OTTAWA – The federal government is giving co-operative housing providers millions in funding to ease rental costs, pledging relief for a sector that has sought to find new ways to provide help to tenants.
The $118.2 million over seven years is the second phase of funding for providers whose federal housing agreements expired before April 2016.
Housing Minister Ahmed Hussen said non-profits and co-operative housing providers had asked for extra help after temporary funding ran out.
The money is expected to help co-operative housing providers support low-income tenants in 18,000 units by reducing their monthly payments.
The funding also creates what Tim Ross, executive director of the Co-operative Housing Federation of Canada, described as long-term support for households who otherwise couldn’t afford their rent.
Co-operatives set monthly rents at a level that lets them cover operating costs as well as current and future capital repairs, which still sets rates above what some member tenants can afford.
“There is still a gap in what some households need in order to be affordably housed in a co-op,” Ross said.
He added that the federal funding “helps to fill that gap for the most vulnerable members of co-op housing and non-profit housing communities,” and gives co-operatives a foot in the door to the national housing strategy.
He also said the funding unveiled Thursday will work in tandem with efforts by providers to secure new mortgages on their properties at vastly lower rates than the ones the federal government once charged them.
The 40- and 50-year mortgage agreements were signed in the 1970s and 1980s and came with interest rates of up to 13 per cent, and what Ross described as “killer” pre-payment penalties that “would have made tapping into today’s low-interest environment impossible.”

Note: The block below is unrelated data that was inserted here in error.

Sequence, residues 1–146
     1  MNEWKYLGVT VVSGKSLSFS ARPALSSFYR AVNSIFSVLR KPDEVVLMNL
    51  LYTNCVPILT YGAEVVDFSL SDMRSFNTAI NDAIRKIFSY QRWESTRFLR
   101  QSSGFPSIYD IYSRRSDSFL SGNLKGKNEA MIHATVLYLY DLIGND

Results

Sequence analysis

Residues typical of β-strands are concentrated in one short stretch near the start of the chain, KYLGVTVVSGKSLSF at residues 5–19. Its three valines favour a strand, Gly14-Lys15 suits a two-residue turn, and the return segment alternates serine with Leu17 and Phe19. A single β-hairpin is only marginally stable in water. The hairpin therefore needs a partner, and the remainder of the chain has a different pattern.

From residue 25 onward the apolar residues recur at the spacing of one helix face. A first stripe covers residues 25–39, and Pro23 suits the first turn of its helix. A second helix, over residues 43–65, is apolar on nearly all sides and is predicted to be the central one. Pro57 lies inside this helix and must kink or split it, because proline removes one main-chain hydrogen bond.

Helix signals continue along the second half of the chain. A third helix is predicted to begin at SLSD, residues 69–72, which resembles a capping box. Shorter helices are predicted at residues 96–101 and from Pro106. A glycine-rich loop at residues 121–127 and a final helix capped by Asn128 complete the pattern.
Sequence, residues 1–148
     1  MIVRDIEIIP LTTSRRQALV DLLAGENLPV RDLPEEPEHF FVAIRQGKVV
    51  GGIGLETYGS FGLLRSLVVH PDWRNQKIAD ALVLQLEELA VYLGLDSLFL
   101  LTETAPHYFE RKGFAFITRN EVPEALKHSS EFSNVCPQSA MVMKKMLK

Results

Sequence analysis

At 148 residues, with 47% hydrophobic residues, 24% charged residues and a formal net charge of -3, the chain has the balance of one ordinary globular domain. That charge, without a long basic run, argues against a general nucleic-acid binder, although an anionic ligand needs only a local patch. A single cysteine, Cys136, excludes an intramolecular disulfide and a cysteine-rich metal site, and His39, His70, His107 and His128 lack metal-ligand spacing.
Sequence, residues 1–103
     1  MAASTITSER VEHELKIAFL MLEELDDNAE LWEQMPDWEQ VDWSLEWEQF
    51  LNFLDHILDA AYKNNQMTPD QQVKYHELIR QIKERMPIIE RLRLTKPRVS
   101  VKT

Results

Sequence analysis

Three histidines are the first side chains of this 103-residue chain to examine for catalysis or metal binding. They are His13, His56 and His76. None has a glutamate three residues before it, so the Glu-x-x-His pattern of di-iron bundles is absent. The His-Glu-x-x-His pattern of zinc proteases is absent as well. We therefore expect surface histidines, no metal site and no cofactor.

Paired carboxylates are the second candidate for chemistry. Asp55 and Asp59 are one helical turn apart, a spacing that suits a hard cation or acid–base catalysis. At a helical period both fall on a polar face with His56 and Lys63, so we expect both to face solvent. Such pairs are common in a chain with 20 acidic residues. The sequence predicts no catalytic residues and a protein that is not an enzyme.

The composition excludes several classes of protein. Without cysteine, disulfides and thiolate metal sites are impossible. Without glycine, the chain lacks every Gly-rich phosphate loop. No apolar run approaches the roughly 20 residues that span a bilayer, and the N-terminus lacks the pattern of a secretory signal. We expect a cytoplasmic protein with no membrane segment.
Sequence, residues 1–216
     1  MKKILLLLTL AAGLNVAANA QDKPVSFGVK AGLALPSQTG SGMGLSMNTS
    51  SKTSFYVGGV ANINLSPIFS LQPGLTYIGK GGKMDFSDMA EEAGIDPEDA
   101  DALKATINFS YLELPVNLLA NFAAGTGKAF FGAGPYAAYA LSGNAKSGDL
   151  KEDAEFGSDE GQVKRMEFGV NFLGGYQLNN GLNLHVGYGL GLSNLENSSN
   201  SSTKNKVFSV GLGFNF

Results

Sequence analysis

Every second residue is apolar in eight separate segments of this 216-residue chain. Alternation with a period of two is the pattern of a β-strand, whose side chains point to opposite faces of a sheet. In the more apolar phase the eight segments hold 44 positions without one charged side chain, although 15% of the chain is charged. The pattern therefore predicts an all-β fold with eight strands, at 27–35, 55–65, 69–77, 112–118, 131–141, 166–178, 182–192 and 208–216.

Interest rates have fallen further since the Liberals first flowed money to the sector in 2016 to help pay off the debts and test the private market. That has allowed co-operatives to get lower-cost financing and invest in upgrades to their properties, he said.
But those same rates have also driven up home prices nationally as buyers try to lock in low-interest mortgages amid low supply.
The Canadian Real Estate Association estimated last month that the average home price would hit $687,500 by the end of 2021, and reach around $739,500 by the end of this calendar year.
Households added at least $121.5 billion in mortgage debt last year, and Statistics Canada still has to calculate what happened in the final three months of 2021.
The House of Commons finance committee decided this week to hold hearings to determine what specifically is driving up housing prices, as part of a broader look at what is fuelling inflation.
“Answering that question, solving that riddle, will explain why this balloon is inflating so fast and abruptly and allow us to halt the inflation before the balloon bursts altogether, with devastating consequences for families and our overall economy,” Conservative finance critic Pierre Poilievre said at the outset of the committee’s meeting on Wednesday.
His NDP counterpart, Daniel Blaikie, added that rising costs were a concern for buyers pre-pandemic, but the affordability crunch has become worse over the last two years.
Hussen on Thursday noted the need to build more supply, pointing to federal, provincial and municipal efforts to speed up construction of new units. He said the government is also looking at a number of options to discourage investors from accumulating a large portfolio of investment properties.
“I have no doubt that our upcoming budget will address some of these pressing concerns that Canadians have,” Hussen said, adding a moment later that he expects the finance committee “to be constructive to help us bring forth ideas and not engage in partisan rhetoric that merely is out of touch with reality.”
All of the measures will be on the agenda later this month when Hussen meets with his provincial and territorial counterparts, followed by what he called a national housing summit.